The Cutty Sark will be unveiled by the Queen this week following a £50million restoration. £50million restoration. JO KESSEL is granted a sneak preview and finds the iconic clipper has benefit ....
IT WAS an awful irony.
Moments after I'd promised my then four-year-old twins that we'd visit Greenwich's famous 19th-century ship Cutty Sark, a news flash came on the television.
A fire was sweeping through the vessel with such ferocity that the resulting charred remains of this great London landmark had appeared unsalvageable.
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That was five years ago.
Mercifully only a tiny fraction of the ship's original fabric was lost in the flames and, following a £50million conservation, the 143-year-old British tea clipper is reopening to the public this Thursday.
Before visitors arrive, however, I'm privileged to be granted a look around.
It's instantly clear that this national treasure is not as she once was. Set in newly landscaped gardens, she now reigns even more supreme having been elevated 11ft off the ground.
"It's the only place in the world where you can stand underneath a ship," Richard Doughty, director of The Cutty Sark Trust tells me as we admire the copper alloy hull.
Its design was so innovative that it made her one of the speediest ships of her era, setting a record passage time of 73 days from Sydney to London in 1885. Doughty also points out an ingenious photo opportunity.
Stand beneath the bow holding up a finger and it looks as if the entire 963-ton ship is balancing on your digit.
The Cutty Sark was a working cargo ship, enduring high seas and heavy weather from 1869 until 1922.
She was built to ferry tea back from China (Twinings has created a special Cutty Sark brew) and on the lower deck there's a real taste of the Orient with bilingual English and Chinese signs, crates of tea chests and the aroma of Lapsang Souchong. "We wanted to create a multi-sensory experience," explains curator Jessica Lewis.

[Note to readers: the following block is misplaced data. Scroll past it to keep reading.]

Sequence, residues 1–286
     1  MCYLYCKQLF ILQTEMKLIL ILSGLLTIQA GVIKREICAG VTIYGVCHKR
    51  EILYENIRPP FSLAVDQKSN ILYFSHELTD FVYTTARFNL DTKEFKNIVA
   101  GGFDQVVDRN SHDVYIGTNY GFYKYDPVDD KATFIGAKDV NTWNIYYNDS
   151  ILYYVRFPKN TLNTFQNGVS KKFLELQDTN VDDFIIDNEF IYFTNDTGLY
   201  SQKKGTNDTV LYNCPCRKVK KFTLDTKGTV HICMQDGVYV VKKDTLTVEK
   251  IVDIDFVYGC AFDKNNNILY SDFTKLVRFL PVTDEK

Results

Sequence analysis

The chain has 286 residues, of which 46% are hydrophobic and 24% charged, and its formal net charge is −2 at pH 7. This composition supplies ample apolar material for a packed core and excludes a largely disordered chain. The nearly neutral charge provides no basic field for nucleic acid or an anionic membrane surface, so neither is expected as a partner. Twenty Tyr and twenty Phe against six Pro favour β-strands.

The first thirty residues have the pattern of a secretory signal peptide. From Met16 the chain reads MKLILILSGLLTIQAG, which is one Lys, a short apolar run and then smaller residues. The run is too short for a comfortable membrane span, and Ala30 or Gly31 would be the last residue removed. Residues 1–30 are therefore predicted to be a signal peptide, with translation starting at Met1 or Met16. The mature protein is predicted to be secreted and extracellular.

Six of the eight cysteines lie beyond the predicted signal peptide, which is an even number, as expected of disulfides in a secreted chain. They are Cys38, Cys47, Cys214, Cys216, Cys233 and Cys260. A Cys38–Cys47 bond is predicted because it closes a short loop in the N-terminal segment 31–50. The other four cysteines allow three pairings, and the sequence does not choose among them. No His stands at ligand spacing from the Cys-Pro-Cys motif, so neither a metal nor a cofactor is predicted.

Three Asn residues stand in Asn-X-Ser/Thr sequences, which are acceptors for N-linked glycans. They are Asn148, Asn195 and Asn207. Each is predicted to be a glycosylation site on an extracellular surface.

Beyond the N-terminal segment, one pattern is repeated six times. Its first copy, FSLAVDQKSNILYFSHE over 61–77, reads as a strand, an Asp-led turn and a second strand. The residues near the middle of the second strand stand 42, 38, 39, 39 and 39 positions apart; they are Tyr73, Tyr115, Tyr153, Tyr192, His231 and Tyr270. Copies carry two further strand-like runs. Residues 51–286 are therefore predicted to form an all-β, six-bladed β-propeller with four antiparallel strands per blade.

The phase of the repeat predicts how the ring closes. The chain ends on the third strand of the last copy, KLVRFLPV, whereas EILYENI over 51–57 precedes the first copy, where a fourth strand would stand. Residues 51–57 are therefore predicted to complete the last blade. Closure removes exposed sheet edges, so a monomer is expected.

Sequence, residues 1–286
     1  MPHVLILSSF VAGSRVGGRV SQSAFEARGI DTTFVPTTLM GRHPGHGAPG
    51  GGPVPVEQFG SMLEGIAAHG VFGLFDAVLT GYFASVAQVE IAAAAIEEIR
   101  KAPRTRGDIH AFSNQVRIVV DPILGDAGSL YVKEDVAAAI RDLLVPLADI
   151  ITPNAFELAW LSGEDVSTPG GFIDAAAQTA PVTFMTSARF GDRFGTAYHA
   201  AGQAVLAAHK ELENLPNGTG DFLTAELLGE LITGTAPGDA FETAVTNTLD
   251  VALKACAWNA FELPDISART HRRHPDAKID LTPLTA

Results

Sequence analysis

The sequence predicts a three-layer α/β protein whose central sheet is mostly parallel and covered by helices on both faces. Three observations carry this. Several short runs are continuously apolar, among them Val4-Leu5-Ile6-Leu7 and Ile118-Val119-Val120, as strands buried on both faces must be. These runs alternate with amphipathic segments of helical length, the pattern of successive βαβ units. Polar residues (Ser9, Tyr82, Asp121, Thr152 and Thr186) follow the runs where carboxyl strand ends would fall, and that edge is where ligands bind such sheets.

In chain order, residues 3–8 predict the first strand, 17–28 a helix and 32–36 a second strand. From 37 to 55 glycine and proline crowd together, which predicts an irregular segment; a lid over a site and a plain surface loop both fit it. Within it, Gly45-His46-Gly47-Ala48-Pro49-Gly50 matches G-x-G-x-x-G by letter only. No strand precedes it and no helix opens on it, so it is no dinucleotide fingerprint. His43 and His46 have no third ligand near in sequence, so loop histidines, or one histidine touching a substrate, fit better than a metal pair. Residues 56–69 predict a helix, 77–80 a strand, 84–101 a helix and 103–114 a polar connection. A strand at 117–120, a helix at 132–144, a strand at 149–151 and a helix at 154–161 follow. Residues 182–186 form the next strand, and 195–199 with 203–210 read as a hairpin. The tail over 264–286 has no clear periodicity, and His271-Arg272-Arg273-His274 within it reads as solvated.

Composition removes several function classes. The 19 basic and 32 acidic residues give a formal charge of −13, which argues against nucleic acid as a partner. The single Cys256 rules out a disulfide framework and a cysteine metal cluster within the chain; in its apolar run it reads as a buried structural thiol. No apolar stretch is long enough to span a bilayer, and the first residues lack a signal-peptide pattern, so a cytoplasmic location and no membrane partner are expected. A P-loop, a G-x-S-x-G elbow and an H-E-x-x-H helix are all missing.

Interactive exhibits are set at angles, making it feel as if you're at sea and bringing to life how it was to be a sailor in Victorian times. You can see the food, try on sailors' clothes and even have a go at a simulated sailing of the ship.
Exhibits and films tell the story of the Cutty Sark's rich history and heritage. Tea wasn't her only cargo.
She carried buffalo horns, wool and whisky, visiting most major ports around the world. She negotiated icebergs. She suffered mutinies. Scars from her ordeals are visible, with buckling sections of framework and spots of corrosion but she's a hardy vessel.
"Not only is she the last ship of her kind but also what makes her so special is that you can touch and smell and feel her," adds Jessica. "She was designed to last 30 years and yet she's still here."
Stepping on to the top deck is a thrill. The three huge masts (supported by 11 miles of rigging) which make this ship such an iconic symbol, tower 152ft into the south-east London sky.
Pity the sailor who had to climb to the top, let alone those who scrubbed the shiny teak decks squeaky clean.
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let alone those who scrubbed the shiny teak decks squeaky clean. Perhaps it got too much for them.
One exhibit shows how many of them were "lost" at sea. Pushed or suicide? It's unclear but most of these young men were less than 20 years old. No such hardship for the captain.
Top deck also houses his plush living quarters, alongside more modest accommodation, including a crew cabin with tiny bunk beds and an external toilet cubicle housing its original WC.
BETTER still, the elevation of the ship means that the views from on board are even more impressive. To one side, the magnificent buildings of the Sir Christopher Wren-designed Old Royal Naval College and bustling Greenwich; to the other, the snaking Thames disappearing towards the distant, ever-evolving City of London skyline.
The Queen first unveiled Greenwich's Cutty Sark to the public back in 1957 and it seems fitting that this week, exactly 55 years to the day, Her Majesty will return to perform the honours once again.
he ship is looking serene, rightly returned to her former glory, her bottom half now encased in glass which will illuminate her at night.
Let's hope she is able to put her tumultuous past behind her, so she can survive for generations to come and so this mother can finally keep the promise made to two very patient children.
The Cutty Sark (020 8312 6608/ rmg.co.uk/cuttysark) reopens to the public on April 26.
Adults £12, children (five-15) £6.50. Family tickets from £20. Open from Tuesday-Sunday, 10am-5pm.